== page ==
Between Power and Beauty: Preliminary Reflections on Egyptian Karate Communities
|Dates:||27 April 2015|
|Times:||18:00 - 19:00|
|What is it:||Seminar|
|Organiser:||School of Arts, Languages and Cultures|
The history of karate in Egypt is not long, and yet it has established firm roots in youth culture. Karate is the second most popular sport in Egypt after football. This paper explores the popularity of karate as a cultural practice of the urban middle class in which they experiment on a variety of ways to be “modern”. Karate is a unique sport. One’s strength is evaluated by the potential of destroying the adversary. Many players assert that karate is difficult because controlling one’s force shortly before touching the adversary’s flesh is technically more advanced and require more strength than actually hitting or kicking the target. In other words, during the match, whether kata (pattern) or kumite (sparring), the players are performing the powerful within the established framework of aesthetics.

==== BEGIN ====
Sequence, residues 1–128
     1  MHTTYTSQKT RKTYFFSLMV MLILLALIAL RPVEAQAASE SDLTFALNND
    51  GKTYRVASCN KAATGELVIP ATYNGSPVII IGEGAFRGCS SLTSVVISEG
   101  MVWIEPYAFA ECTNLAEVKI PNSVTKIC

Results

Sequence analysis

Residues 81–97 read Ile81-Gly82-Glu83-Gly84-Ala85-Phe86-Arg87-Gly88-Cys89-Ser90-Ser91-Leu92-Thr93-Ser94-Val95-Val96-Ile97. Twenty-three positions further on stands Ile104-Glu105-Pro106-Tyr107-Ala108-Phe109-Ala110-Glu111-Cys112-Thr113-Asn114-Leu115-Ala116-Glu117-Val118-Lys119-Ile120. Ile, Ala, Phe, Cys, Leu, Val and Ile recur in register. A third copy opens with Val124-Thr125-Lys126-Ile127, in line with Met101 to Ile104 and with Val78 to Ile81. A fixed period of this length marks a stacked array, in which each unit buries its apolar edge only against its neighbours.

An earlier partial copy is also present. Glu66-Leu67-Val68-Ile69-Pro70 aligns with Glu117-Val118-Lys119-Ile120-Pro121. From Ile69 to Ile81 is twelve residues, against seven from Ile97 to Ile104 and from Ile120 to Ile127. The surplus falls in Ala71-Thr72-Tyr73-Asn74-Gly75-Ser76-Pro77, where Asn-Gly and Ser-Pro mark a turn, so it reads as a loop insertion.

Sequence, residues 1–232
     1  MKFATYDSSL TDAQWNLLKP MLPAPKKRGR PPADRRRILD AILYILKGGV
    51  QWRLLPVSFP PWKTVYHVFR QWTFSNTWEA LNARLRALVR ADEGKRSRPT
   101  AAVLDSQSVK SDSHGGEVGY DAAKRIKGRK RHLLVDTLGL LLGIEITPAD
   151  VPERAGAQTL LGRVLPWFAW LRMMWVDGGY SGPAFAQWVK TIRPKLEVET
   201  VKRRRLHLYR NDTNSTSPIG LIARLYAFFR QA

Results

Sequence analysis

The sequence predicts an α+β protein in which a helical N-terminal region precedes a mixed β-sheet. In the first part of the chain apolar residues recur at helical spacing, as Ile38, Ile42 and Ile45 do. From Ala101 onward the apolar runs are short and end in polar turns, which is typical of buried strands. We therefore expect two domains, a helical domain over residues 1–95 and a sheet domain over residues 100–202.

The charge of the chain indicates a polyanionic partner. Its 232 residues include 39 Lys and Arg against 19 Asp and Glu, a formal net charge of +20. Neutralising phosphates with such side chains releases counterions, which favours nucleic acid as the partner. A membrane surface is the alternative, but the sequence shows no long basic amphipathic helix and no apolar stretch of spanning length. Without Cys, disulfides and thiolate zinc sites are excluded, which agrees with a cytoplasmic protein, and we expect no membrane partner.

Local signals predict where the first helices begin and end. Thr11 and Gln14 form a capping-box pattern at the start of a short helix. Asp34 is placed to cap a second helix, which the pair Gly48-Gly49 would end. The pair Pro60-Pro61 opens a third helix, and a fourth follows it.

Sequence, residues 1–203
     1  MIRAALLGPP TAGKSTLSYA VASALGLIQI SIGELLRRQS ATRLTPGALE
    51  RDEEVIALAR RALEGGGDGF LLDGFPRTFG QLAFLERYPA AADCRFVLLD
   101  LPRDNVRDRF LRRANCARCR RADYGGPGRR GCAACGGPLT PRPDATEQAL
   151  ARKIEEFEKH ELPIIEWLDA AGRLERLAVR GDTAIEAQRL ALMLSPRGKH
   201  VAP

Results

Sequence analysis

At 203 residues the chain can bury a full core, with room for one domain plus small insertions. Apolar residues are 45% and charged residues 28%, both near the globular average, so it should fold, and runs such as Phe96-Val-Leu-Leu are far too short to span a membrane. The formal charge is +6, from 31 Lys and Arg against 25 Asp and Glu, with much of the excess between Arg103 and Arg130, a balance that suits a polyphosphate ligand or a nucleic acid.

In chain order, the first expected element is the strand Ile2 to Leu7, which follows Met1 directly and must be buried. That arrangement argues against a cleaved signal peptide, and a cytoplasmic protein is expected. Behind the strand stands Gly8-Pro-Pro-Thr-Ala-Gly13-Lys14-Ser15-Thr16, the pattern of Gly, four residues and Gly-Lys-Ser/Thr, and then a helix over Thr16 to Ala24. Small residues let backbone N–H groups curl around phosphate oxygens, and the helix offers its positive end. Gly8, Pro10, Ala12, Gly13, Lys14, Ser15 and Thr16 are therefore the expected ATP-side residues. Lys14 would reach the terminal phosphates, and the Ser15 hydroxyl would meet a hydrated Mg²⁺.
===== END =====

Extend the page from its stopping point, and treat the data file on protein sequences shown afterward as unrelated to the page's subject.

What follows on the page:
Hatsuki Aishima is a social anthropologist of Islam and the Middle East. Her forthcoming monograph, Islam and Public Culture in Modern Egypt: Media, Intellectuals and Society, explores Islamic learning as the middle classes’ aspiration for “culture”. Since 2012 she has been working on a Japan Society for the Promotion of Science Grant-in-Aid for Young Scientists project, A Socio-anthropological Study of Karate as an Alternative Modernity in Contemporary Egypt.
Organisation: University of Manchester
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